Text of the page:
WP_DEBUG_LOG

This constant is the whole reason I found the WordPress debug methods so helpful. Set this constant to true and WordPress will set up PHP to write to an error log in wp-content/debug.log. Sadly you can’t specify a different file location that is not in the content folder, but at least you know where it is!

Note: because this is written to a public directly, be extremely careful not to upload the log by mistake. Additionally, if you run WP_DEBUG on a production server, do so only for immediate troubleshooting then turn it off and remove wp-content/debug.log.

Leveraging WP_DEBUG

In addition to PHP errors being sent to debug.log we can also send our own output using the error_log PHP function. The only problem with this, is even in production mode your errors will still most likely be written to a PHP log; it just won’t be debug.log. Because of this, its a good idea to provide a wrapper function to handle the logging for your theme or plugin.

Place the following code in your functions.php in your theme, or in the plugin file for your WordPress plugin:

if(!function_exists('_log')){
  function _log( $message ) {
    if( WP_DEBUG === true ){
      if( is_array( $message ) || is_object( $message ) ){
        error_log( print_r( $message, true ) );
      } else {
        error_log( $message );
      }
    }
  }
}

Feel free to expand on this function if it doesn’t exactly meet your needs, but the concept is simple: Centralize all your log calls to use your custom function. Then, in that _log function, only output the message if WP_DEBUG is set to true. There is no reason to test if WP_DEBUG has been defined because as soon as wp-settings.php is processed, WP_DEBUG will be defined, even if it wasn’t already defined in wp-config.php.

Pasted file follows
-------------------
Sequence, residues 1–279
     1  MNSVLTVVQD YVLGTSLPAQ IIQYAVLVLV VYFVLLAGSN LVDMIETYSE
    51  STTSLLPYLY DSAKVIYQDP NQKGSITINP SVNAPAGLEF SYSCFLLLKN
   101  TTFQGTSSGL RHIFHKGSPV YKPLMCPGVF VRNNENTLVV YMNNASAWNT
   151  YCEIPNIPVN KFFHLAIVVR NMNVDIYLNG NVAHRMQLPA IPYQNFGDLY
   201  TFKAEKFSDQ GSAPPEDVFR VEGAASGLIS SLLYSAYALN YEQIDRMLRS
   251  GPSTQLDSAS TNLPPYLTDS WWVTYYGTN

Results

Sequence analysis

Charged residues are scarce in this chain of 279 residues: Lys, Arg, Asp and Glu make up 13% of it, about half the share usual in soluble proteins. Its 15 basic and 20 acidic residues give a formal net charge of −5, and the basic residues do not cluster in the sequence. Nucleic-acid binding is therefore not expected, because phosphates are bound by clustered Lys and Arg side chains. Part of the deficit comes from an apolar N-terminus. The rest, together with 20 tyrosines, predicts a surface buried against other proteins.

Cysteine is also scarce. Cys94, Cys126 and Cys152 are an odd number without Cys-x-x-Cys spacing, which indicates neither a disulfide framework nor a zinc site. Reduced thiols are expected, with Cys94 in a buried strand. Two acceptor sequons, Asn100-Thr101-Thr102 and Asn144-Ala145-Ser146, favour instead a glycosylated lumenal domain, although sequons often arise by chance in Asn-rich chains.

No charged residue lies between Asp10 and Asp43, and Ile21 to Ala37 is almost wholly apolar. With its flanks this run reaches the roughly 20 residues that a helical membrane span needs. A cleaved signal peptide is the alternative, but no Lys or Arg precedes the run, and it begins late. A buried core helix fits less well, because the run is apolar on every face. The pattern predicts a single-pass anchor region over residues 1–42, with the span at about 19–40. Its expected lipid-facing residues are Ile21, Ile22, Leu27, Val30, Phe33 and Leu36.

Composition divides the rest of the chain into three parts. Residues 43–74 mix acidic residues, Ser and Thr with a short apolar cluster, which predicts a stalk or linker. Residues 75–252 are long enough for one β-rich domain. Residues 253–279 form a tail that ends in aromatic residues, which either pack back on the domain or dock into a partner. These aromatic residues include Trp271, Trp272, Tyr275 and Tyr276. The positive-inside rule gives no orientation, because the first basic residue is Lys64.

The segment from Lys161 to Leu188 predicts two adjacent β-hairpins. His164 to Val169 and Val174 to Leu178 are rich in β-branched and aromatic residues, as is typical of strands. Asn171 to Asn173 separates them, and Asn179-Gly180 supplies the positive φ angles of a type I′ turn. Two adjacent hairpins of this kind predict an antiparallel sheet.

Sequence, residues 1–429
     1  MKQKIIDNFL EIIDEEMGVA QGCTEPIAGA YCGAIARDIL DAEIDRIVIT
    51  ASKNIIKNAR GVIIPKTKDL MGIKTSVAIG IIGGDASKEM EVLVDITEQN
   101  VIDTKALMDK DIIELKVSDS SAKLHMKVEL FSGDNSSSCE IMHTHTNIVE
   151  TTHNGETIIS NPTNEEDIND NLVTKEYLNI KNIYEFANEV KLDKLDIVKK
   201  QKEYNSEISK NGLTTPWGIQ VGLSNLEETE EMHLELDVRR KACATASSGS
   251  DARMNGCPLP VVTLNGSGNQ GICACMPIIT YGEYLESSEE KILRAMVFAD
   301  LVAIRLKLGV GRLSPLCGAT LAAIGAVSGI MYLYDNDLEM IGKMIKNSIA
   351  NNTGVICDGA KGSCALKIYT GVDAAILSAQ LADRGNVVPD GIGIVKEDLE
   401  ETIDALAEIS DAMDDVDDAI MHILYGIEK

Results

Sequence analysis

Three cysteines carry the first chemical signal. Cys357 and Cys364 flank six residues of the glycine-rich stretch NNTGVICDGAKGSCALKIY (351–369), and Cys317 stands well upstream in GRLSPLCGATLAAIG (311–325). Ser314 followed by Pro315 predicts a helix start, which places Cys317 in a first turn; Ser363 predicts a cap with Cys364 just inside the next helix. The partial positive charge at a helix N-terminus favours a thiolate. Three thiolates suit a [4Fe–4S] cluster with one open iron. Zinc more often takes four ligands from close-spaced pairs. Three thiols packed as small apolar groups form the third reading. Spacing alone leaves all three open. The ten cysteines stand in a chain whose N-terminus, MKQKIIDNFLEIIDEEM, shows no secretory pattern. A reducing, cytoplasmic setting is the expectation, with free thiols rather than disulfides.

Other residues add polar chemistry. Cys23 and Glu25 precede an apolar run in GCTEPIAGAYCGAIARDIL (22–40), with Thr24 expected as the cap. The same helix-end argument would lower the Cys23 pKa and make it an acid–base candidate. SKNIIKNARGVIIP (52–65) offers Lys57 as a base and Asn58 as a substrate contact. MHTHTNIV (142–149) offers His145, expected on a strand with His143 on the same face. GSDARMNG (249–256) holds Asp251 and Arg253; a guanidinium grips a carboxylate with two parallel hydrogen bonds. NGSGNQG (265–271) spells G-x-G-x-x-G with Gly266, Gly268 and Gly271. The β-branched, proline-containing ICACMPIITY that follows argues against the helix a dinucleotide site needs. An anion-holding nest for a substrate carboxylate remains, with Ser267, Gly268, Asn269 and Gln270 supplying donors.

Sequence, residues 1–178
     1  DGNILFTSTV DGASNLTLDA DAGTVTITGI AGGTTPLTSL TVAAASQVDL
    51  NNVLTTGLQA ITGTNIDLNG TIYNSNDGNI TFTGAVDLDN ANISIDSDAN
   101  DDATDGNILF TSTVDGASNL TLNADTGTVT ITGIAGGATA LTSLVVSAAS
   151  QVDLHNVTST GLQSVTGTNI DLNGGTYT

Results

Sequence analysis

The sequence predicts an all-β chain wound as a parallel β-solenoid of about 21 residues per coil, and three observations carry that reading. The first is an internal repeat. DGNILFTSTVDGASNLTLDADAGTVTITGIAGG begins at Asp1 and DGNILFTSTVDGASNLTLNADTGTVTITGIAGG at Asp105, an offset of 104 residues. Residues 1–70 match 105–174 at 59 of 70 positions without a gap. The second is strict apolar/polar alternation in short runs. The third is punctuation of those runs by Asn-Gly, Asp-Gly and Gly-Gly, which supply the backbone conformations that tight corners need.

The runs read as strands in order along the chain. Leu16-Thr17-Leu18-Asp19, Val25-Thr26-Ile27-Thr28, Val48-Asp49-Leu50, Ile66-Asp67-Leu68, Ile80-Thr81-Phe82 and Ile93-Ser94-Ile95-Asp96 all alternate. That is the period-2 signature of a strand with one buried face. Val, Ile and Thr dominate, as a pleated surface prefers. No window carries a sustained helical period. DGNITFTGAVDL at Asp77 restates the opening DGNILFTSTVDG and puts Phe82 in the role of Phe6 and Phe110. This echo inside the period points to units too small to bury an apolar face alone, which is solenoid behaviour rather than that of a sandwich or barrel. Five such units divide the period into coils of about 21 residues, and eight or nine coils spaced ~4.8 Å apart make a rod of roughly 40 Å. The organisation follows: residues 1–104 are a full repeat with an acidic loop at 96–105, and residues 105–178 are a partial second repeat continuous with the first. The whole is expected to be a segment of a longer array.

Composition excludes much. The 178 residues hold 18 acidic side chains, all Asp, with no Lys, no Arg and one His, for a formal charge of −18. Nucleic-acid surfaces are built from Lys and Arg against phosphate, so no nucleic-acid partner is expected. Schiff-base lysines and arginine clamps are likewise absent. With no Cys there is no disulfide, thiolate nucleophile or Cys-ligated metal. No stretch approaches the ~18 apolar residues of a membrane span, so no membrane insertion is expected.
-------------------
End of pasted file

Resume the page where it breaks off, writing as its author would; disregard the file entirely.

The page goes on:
This particular _log snippet will call a print_r on arrays and objects passed to the function for simple debugging.

Trying it Out

If you have followed these steps, you can run a quick test by adding these lines into your header.php file in your theme folder:

_log('Testing the error message logging');
_log(array('it' => 'works'));

After refreshing your page once, you should see a newly created debug.php file with a few lines of output. Use any log viewing utility that supports tailing the file for maximum productivity. On Mac, Unix and Linux systems, you can use this command from the main directory of your site:

tail -f wp-content/debug.log

More Solutions

If you are looking for a more interactive console for debugging, be sure to look at our review on the WordPress Console.

What about you? If you didn’t already know about this built in WordPress feature, what methods did you come up with to make debugging WordPress easier? Please leave us your tips in the comments below!

Doug Neiner is an Editor at Fuel Your Coding and an official member of the jQuery Team. He is addicted to new technology, and specifically loves spending time with WordPress, Ruby on Rails and jQuery. Learn more via twitter or his Google Profile.